Power – Definition, Formula, Unit, Problems
In everyday life, we hear the word “Power” rather often. While broadcasting a cricket match, cricket commentators may discuss the force behind a batsman’s stroke, while football commentators may discuss a particularly strong free-kick by a player. At some point or another, we’ve all arm-wrestled with a friend to see who is the most powerful. Before we discuss power, let’s discuss a few points of work and energy.
When a body or item moves due to the application of external force, it is said to be doing work. Work may be defined as an activity involving movement and force in the force’s direction.
When we push any object, we exert an external force known as F, and the object moves a given distance (d) as a result of this force. Displacement refers to the movement of a ball from one position to another. The work done here is calculated as W=F×d.
Joule is the SI unit of work. Newton-meter is the other unit of work.
The ability to work is defined as energy. There is no way to generate or destroy energy. It can only be changed from one kind to the next. The unit of Energy is the same as the unit of Work, which is Joules. There are several forms of energy since they may be found in a variety of objects.
Kinetic and potential energy are two types of energy. Kinetic Energy is the energy carried in an item during motion and is measured by the quantity of work done, whereas Potential Energy is the energy stored in an item. Joule is the SI unit of Energy.
Some other types of energy are thermal energy, nuclear energy, heat energy, mechanical energy, electrical energy, radiant energy, chemical energy, gravitational energy, and elastic energy.
Work is defined as a force that causes displacement. The period of time that this force operates to generate the displacement has nothing to do with work. Sometimes the task is completed fast, while other times it is completed slowly. A rock climber, for example, takes an unusually long time to lift her body up a few meters along the edge of a cliff.
A trail hiker, on the other hand, who takes the simpler way up the mountain, may raise her body a few meters in a short period of time. Although the two persons perform the same amount of labor, the hiker completes it in significantly less time than the rock climber. The power is the quantity that has to do with the rate at which a specific amount of work is completed. The hiker surpasses the rock climber in terms of power. The rate at which work is completed is referred to as power.
Power is defined as the rate with which any work is done. Alternatively, work divided by time is known as power.
It is a scalar quantity and is denoted by P.
The formula for power is given as:
P = W ⁄ t
- W is the work done
- t is the time for which work is done
- P is the power gain or loss.
Units of Power:
The SI unit of Power is Watt (W) whose multiples are: KW, MW, GW…
A Watt is defined as, when a body does work of one joule in one second it is called One-Watt Power.
1 watt = 1 J / s
Another unit of power is Horsepower (hp), where 1 hp = 746 W.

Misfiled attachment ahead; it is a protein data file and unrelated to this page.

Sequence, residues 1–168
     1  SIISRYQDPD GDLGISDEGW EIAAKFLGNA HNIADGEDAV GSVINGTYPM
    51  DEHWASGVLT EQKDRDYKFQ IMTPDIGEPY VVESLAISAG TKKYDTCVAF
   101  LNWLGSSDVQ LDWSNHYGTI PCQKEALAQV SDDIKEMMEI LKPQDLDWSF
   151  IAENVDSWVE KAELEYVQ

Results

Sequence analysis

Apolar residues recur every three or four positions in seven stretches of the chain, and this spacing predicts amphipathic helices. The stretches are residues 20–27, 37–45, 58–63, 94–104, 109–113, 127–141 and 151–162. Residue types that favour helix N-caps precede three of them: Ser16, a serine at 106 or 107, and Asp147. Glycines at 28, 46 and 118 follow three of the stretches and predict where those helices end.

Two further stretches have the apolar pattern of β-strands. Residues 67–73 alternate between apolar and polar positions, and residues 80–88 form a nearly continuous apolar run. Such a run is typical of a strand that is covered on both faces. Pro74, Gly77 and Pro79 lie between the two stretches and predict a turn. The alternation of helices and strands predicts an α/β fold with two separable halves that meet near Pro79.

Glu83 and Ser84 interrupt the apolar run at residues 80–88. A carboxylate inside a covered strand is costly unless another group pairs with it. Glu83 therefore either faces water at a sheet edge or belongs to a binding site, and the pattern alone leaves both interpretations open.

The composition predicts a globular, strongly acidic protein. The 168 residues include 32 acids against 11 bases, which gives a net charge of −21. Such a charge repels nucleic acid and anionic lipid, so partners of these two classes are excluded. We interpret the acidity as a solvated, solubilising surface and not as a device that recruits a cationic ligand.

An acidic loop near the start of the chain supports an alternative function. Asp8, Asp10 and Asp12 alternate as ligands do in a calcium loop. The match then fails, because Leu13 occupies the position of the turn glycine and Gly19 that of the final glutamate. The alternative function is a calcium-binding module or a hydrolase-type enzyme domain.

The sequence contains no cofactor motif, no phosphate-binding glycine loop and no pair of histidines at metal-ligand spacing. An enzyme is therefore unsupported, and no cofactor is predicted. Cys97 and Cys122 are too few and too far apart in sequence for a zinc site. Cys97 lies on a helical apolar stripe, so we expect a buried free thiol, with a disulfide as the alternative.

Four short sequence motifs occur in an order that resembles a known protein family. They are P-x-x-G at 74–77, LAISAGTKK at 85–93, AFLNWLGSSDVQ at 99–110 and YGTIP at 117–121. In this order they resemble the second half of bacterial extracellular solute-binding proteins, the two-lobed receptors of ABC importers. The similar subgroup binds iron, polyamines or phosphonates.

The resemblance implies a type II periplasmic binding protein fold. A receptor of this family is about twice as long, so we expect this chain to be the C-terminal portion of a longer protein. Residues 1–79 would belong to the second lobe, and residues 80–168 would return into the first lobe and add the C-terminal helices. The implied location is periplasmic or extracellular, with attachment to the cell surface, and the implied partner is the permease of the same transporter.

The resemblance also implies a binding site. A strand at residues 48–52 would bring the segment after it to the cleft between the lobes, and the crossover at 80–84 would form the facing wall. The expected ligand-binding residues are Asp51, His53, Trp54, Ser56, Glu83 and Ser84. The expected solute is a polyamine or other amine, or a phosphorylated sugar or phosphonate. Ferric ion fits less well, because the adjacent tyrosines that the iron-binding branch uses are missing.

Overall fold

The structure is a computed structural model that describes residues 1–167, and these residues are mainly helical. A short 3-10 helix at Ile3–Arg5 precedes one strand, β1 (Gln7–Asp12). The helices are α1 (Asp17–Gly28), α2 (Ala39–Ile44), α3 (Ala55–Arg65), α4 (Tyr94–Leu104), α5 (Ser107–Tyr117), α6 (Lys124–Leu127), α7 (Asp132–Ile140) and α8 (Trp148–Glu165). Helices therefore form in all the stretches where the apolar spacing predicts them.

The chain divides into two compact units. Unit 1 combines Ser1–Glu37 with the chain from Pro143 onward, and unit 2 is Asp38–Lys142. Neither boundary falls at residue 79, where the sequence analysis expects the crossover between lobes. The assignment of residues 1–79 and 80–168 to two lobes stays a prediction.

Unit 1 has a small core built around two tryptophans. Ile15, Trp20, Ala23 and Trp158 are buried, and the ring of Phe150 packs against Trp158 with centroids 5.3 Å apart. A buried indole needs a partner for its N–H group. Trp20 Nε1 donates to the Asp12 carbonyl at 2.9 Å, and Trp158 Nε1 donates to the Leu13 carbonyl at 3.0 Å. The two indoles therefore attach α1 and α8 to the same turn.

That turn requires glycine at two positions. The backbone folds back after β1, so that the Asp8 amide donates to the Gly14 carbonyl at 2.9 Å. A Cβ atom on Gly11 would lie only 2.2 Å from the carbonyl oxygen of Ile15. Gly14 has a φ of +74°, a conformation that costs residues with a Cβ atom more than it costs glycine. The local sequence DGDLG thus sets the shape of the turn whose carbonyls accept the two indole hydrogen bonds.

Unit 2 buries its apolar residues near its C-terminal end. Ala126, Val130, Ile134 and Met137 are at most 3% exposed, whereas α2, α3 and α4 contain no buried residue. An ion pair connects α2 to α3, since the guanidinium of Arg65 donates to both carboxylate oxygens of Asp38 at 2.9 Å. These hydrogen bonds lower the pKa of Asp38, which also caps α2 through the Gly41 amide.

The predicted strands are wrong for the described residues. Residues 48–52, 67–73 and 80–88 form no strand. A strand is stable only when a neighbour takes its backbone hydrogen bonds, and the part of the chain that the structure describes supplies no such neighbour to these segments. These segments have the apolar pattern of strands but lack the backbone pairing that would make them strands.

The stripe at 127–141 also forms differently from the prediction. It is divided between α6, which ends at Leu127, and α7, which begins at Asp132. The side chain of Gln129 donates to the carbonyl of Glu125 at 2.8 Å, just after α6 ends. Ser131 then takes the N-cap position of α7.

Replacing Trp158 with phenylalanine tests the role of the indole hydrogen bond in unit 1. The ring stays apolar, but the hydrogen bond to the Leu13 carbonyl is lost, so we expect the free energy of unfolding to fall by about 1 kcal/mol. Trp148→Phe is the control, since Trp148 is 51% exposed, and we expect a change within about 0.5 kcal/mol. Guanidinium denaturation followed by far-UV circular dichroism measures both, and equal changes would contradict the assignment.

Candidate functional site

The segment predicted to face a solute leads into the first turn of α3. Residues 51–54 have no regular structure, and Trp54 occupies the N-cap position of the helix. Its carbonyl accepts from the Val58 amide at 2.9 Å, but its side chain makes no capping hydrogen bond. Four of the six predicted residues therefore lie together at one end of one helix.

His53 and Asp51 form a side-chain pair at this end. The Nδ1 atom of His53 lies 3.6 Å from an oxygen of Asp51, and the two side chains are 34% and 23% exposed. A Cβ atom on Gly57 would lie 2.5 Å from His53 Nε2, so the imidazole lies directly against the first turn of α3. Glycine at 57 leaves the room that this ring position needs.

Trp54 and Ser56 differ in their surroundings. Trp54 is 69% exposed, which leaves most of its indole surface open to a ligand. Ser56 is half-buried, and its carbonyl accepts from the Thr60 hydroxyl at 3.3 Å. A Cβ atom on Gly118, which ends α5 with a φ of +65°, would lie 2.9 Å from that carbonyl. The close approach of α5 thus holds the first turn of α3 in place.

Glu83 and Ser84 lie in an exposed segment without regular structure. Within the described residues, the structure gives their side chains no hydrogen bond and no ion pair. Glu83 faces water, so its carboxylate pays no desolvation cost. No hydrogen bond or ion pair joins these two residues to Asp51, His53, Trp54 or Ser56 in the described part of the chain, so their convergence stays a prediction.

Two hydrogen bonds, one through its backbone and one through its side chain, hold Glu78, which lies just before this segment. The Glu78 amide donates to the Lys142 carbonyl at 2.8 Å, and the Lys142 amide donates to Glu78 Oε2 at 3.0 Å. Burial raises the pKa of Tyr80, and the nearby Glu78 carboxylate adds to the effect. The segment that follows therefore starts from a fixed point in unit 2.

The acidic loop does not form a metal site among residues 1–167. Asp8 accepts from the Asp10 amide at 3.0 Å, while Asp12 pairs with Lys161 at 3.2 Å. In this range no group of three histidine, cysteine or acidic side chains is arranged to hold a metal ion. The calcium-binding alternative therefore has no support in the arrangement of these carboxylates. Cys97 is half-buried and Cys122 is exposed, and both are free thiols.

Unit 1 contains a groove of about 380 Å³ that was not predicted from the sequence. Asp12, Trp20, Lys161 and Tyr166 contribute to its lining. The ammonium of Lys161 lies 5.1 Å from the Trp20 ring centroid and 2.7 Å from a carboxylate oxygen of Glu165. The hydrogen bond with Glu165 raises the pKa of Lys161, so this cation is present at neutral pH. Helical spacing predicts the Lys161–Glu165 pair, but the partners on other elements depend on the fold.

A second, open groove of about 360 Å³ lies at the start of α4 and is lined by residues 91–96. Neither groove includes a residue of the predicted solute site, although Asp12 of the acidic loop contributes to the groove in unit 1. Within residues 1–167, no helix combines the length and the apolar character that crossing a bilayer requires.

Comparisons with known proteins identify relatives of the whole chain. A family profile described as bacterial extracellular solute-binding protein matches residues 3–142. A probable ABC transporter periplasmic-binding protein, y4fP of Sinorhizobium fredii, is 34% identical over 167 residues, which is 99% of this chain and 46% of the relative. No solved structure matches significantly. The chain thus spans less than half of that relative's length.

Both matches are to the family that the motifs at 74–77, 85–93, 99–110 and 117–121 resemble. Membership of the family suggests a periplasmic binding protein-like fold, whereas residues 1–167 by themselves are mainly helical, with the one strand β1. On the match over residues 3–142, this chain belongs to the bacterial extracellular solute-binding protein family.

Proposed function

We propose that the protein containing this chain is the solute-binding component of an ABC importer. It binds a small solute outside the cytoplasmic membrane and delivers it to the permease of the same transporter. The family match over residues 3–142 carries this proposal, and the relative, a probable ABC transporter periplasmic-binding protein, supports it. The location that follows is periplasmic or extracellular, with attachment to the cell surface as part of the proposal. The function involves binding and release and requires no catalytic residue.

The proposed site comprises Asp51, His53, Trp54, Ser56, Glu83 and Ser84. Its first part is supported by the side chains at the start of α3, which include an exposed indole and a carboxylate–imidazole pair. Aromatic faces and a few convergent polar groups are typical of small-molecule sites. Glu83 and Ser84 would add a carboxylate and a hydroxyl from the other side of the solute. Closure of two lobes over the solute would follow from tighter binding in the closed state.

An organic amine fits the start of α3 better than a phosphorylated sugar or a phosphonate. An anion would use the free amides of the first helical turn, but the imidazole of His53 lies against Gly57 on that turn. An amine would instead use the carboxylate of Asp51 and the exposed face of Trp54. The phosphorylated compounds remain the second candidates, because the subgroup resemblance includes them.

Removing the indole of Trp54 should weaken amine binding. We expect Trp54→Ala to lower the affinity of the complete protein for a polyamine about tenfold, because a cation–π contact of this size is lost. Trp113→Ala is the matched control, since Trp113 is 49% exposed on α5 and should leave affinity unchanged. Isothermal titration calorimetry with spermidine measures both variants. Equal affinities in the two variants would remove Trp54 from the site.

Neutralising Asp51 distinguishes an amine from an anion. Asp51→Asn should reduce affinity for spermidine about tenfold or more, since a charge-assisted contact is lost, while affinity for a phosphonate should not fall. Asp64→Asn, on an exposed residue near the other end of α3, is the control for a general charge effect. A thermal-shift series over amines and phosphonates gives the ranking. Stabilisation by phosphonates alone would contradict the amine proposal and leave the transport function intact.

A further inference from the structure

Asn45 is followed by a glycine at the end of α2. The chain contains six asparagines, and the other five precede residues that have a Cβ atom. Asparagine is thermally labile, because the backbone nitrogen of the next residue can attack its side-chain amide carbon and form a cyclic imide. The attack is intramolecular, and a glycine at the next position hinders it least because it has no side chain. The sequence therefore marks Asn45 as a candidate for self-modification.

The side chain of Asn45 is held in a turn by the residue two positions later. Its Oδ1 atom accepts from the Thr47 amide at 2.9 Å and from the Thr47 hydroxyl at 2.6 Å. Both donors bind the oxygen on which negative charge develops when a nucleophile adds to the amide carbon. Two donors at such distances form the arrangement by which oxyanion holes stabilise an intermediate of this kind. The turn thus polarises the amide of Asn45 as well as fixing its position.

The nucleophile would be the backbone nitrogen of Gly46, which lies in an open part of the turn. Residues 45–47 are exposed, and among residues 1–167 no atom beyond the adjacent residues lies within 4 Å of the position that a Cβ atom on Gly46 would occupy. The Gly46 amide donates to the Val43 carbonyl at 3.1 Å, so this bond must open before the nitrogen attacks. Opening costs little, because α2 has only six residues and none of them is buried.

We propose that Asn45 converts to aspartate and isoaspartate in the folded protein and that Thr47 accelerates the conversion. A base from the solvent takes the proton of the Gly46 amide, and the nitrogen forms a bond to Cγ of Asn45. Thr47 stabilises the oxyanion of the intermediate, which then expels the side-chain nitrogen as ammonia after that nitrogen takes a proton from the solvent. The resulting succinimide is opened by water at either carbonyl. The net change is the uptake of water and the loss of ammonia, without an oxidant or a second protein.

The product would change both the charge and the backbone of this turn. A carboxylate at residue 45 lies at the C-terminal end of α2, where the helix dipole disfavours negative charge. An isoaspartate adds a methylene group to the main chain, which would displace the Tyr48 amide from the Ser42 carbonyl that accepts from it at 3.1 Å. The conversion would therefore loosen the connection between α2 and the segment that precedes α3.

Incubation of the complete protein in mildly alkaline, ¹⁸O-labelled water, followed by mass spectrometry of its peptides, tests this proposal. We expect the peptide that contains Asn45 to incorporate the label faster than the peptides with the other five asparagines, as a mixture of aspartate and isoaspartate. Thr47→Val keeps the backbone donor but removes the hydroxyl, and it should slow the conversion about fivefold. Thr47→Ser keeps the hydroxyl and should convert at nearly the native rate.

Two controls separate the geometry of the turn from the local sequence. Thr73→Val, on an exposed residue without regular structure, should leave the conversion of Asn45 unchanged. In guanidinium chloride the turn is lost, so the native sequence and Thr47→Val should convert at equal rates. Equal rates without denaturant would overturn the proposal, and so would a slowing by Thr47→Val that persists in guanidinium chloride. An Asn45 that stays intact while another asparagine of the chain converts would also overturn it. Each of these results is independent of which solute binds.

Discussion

Dimensional Formula for Power is [ML2T3].
Power in Terms of Force and Velocity
We already know that power is the rate at which work is completed in a given amount of time. As a result, the power may be defined as follows at any given time:
P = dW ⁄ dt
Here, dW is the work done in time interval dt.
As we know, W = F d, substitute W in the above equation. (Assume d = x)
P = F dx ⁄ dt
Here, dx is the displacement in time interval dt.
We know, v = dx ⁄ dt; substitute v in the above equation.
P = F v
Here, velocity and force are vector quantities and power is the scalar product of these vectors.
Therefore, the derived formula of power is given as:
P = F v cosθ
Here, θ is the angle between force and velocity vector.
Problem 1: A boy pushes a box of 20 kg up to a distance of 5 m for 10 seconds. Calculate the power delivered to the box.
Mass of the box, m = 20 kg
Displacement covered, d = 5 m
Time of displacement, t = 10 s
Weight of the box, F = mg = 20 ×10 N = 200 N
Work done by the boy, W = F d = 200 N ×5 J = 1000 J
Power delivered, P = W ⁄ t = 1000 / (10 J/s) = 100 J/s
Hence, power delivered to the box is 100 J/s.
Problem 2: A pump is required to lift 500 kg of water per minute from an 8 m deep well and eject it with a speed of 25 m/s. Calculate the power of the pump.
Mass of the water, m = 500 kg
Height covered, h = 8 m
Eject velocity of water, v = 25 m/s
Delivery time, t = 1 min = 60 s
Total energy is converted into work, W = E = m g h+(1/2) m v2
= (40000+156250) J
Power delivered, P = W / t
=196250 J / 60 J
= 3271 W
Hence, power delivered by pump is 3271 W.
Problem 3: An elevator is designed to lift a load of 500 kg through 5 floors of a building averaging 3 m per floor in 5 seconds. Calculate the power of the elevator.
Mass of the load, m = 500 kg
Total height covered, h = 5 × 3 m =15 m
Time taken, t = 5 s
Power delivered by elevator, P = W ⁄ t = mgh ⁄ t
= (500 × 10 × 15) / 5 W
Hence, power of the elevator is 1.5×104 W.
Problem 4: A force of 5 N is required to move a body on frictional floor with constant velocity 5 m/s. Find the power generated by the force.
Velocity of body, v = 5 m/s
Force required to maintain the velocity, F = 5 N
Power generated, P = 5 × 5 W
= 25 W
Hence, power generated by the force is 25 W.
Problem 5: What happens to a body on which work is done?
Effort on a body equals an increase in the body’s energy, because work delivers energy to the body. If the applied force, on the other hand, is in opposition to the object’s motion, the work is regarded negative, suggesting that energy is withdrawn from the item.
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